News Column

Theater: 'Mary Poppins' lands at Music Circus

July 7, 2014

By Marcus Crowder, The Sacramento Bee

July 07--California Musical Theatre artistic director Glenn Casale would probably be a great mathematician or an excellent puzzle maker. He enjoys creating problems to solve and dislikes doing the same thing twice.

For the new Music Circus production of "Mary Poppins," which opens Tuesday at the Wells Fargo Pavilion, Casale has chosen an interesting challenge. The production has a fair amount of special effects and "magic" that's difficult to pull off in the "round" theater where there's no place to hide how it's done.

"This show is making me so creative," Casale said during a recent rehearsal break. "My head is aching trying to figure new things out that I haven't dealt with before."

The director had been working with on a scene that includes the mysterious powers Mary Poppins sometimes exhibits. In this case, another character falls under her powers and drops a vase, which breaks. It's a tricky sequence to stage in the round at the Wells Fargo Pavilion because half of the people are always behind the action.

"I've always got to figure out how the whole 2,200 people can see that moment," Casale said. "What it is and what changes in it."

Casale takes great care with details big and small, knowing the clearer the story points are, the stronger the emotional impact will be on audiences. He also knows extra eyes will be on "Poppins" because it's a Disney property. He's cultivated a strong working relationship with the entertainment conglomerate, directing shows such as "Beauty and the Beast" and "The Little Mermaid" for the company across Europe and Asia.

"I got ... an email from (Disney) saying 'We hope we're going to see the "Mary Poppins" we know and love when we come to your theater,' " Casale said. "That was their little way of saying 'We trust you, but we don't want you screwing around with it too much.' "

Casale does have some leeway, though, when tweaking theatrical properties for specific spaces and audiences. He oversaw creative improvements for "The Little Mermaid," which had the shortest Broadway run in history of any Disney show (not including the debacle "Tarzan"). Casale's ideas, which included simplifying plot lines in the first act and adding a new song in the second, were first tested in public for Music Circus audiences in 2012.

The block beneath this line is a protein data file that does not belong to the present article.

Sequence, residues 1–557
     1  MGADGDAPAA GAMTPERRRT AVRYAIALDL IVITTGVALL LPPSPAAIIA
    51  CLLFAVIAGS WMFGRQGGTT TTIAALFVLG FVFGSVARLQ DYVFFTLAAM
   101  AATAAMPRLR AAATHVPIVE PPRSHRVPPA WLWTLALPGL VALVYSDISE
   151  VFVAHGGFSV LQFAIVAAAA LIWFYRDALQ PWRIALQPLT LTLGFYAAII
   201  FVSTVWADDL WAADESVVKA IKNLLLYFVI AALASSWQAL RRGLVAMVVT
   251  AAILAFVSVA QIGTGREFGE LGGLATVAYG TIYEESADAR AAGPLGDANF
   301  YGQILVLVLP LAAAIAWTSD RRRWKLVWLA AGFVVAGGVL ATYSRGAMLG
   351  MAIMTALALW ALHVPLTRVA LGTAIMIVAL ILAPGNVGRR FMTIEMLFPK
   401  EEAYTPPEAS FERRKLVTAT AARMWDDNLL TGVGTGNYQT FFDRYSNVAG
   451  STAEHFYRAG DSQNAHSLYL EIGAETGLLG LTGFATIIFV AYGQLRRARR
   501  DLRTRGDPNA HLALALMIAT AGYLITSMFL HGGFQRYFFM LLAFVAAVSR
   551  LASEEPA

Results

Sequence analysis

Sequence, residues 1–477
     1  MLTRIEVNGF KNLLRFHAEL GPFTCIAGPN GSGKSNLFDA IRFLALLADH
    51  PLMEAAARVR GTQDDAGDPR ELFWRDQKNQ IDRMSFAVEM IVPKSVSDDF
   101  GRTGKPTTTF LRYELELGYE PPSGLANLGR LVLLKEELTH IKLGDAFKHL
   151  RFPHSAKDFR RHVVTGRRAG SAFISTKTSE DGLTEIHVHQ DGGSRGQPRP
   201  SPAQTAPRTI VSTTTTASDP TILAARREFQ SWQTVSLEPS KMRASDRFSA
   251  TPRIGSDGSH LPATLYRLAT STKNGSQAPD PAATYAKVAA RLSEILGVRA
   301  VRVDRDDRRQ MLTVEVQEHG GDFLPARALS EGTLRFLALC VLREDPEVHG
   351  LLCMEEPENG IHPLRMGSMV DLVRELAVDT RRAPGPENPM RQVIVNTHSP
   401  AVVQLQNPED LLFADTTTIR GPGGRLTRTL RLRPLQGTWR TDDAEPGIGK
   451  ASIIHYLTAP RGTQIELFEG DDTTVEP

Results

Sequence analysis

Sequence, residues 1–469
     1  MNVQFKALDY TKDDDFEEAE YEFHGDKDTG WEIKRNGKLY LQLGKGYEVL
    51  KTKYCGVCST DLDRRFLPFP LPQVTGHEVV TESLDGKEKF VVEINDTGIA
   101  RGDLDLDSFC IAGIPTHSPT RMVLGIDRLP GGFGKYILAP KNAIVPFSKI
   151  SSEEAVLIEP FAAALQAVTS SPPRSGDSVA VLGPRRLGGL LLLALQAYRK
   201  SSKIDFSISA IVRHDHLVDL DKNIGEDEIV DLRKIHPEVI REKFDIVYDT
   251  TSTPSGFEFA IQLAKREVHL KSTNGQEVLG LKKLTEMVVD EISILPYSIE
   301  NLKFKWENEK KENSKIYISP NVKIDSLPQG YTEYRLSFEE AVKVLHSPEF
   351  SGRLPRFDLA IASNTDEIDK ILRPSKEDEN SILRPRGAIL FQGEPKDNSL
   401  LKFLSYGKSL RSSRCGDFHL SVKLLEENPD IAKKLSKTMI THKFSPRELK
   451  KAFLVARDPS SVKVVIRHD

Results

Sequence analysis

"They were happy with those changes and that's how it's being done now," Casale said.

Casale came to "Mary Poppins" with an abiding admiration for the property, adapted from P.L. Travers' books about a magical English nanny blown in by a strong wind to care for the Banks family's children.

" 'Mary Poppins' has always interested me because I love the music, I love the movie and when I saw it on Broadway it intrigued me," Casale explained. "I thought it would adapt very nicely to the round."

Casale added that he thinks the recent film "Saving Mr. Banks" with Emma Thompson as Travers and Tom Hanks as Walt Disney has given the "Poppins" story more depth and complexity.

When he began looking at staging the musical, Casale didn't necessarily think he could make it better. "I thought it was fine," he said, but came to believe that shorter could be stronger.

"For me, the first act is a little long, almost an hour and half for a kids show," Casale said.

He also thought the song-and-production-number "Playing the Game" didn't work.

"(In that sequence), you had Mary Poppins teaching the kids that if they're not good to their toys, the toys will come alive and scare them," he explained. "But then (evil nanny) Miss Andrew comes in at the top of Act Two, and if you've already done the scary thing, what are you going to do?"

Disney allowed Casale to cut "Playing the Game," and he's happy with the tighter version of the play. "It gets us to the end of the first act cleaner," he said.

Casale also wanted a warmer Mary Poppins than he's seen in the past. Finding the actress with the right qualities to portray that disposition took some doing. He auditioned more than 30 women in New York and Los Angeles, but most were committed to the more severe Poppins usually seen in the musical.

"What I was looking for was somebody who has a sense of magic in their being," Casale said."There's spirituality. There's a sense of something that's out of this world."

Eventually Casale found that in Kelly McCormick, who has considerable regional theater credits and has appeared in the national touring productions of "Les MisÉrables" and "Chitty Chitty Bang Bang."

"Kelly has these lovely eyes, and she has a sense about her that even when she's strong, even when she's demanding with the kids, there's this warmth that comes through," Casale said. "She is there to help this family."

The family is bolstered by young local actors Noa Solorio and Ben Ainley-Zoll, who play children Jane and Michael Banks.

"These kids are better than any kids I could have found around the country," Casale said. "They're so professional. They've been here eight hours a day, doing every job every actor does, and these are local kids and I forget that."

The two have been rehearsing their parts since March and have had a dialogue coach helping their English accents. They've worked at Music Circus before with Casale in the chorus of "The Music Man," but now they are featured actors.

"They've got to hold this show together and I can't say enough about how prepared they are," he said.



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